Paper No. 9
Presentation Time: 4:00 PM
THE EFFECT OF THE CAROLINA PROMONTORY ON THE PARTITIONING OF THE APPALACHIAN BASIN IN THE MIDDLE TO LATE PENNSYLVANIAN
Zircons extracted from fluvial sandstones of the Conemaugh and Monongahela Groups in southeastern Ohio were analyzed by laser ablation-ICPMS for U-Pb geochronology. The goals of the study were to determine if fluvial styles contained different zircon populations and if the transition between groups in the Late Pennsylvanian reflected changes in provenance. Thin section point counts show that the meandering, anastomosing, and braided fluvial deposits vary slightly in grain composition with grain size but fall within the recycled orogenic field, as expected. However, all samples have essentially identical zircon age populations with a moderate ~420 Ma (Acadian) population and a much larger population from 1000-1200 Ma (Grenville). These data, which are similar to those previously reported from both older and younger strata in this portion of the central Appalachian basin, indicate that the controls on fluvial style do not reflect source rock variations and that there was no resolvable change in provenance from the Middle Pennsylvanian through to the Early Permian(?).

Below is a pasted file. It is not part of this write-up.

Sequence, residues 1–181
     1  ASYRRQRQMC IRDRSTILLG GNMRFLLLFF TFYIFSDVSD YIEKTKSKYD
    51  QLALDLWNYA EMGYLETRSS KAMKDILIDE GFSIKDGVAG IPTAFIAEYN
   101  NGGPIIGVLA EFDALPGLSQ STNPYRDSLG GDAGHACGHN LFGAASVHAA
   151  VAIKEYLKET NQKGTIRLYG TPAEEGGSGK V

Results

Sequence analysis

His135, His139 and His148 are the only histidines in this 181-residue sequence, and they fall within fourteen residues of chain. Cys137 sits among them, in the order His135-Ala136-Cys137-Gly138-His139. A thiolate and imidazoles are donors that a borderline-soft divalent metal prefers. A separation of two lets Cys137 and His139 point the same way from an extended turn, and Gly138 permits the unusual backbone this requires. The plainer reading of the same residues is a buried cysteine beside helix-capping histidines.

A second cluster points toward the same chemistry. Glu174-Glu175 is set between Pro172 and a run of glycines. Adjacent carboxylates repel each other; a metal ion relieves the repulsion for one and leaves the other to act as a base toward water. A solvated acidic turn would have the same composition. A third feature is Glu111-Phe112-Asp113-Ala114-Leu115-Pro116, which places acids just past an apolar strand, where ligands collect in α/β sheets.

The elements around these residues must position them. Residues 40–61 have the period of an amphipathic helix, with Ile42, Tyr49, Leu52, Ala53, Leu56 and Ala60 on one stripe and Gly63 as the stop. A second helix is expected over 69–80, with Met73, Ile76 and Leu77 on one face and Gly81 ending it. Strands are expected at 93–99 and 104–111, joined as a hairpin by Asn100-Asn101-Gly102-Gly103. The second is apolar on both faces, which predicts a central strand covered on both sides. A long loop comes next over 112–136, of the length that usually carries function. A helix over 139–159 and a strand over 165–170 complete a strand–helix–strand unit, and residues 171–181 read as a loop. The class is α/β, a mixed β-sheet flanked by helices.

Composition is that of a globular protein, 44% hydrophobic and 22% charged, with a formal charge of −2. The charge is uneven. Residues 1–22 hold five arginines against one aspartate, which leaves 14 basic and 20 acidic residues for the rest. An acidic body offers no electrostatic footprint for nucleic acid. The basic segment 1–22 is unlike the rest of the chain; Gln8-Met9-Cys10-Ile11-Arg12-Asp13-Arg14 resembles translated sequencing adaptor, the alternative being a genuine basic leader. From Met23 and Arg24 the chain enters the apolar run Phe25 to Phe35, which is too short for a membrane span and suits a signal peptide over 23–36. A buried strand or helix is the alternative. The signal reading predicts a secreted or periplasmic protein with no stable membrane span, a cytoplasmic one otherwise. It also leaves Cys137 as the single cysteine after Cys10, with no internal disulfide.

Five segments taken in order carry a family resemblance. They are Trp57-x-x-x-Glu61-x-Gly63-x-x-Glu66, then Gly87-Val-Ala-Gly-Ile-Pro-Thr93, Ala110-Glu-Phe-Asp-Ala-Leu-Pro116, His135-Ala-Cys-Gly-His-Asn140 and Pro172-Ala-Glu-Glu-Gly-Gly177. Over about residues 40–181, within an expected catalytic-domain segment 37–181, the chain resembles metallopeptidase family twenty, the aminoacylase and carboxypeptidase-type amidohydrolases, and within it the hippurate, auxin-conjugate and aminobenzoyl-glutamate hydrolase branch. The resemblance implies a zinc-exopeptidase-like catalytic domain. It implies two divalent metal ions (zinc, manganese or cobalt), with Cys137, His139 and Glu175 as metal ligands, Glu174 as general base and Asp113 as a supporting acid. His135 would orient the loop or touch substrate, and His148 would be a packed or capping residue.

A spatial and temporal comparison of detrital zircon age spectra from this and other modern geochronologic studies along the length of central and southern Appalachians shows that there are three distinct zircon age signatures present. Type A lacks a Paleozoic zircon population, Type B has few, if any, zircons older than 1600 Ma but has a Paleozoic signal, and Type C has zircons that range in age from the Archean to Early Paleozoic. All types have a strong 1100 Ma Grenville component and there appears to be no stratigraphic trend related to unroofing of the orogen. However, the spatial distribution is significant: Type B is present only in samples north of a NW-trending lineament that is coincident with the northern margin of the Carolina Promontory. This major tectonic feature appears to have partitioned sediment provenance within the Appalachian basin throughout the Alleghenian Orogeny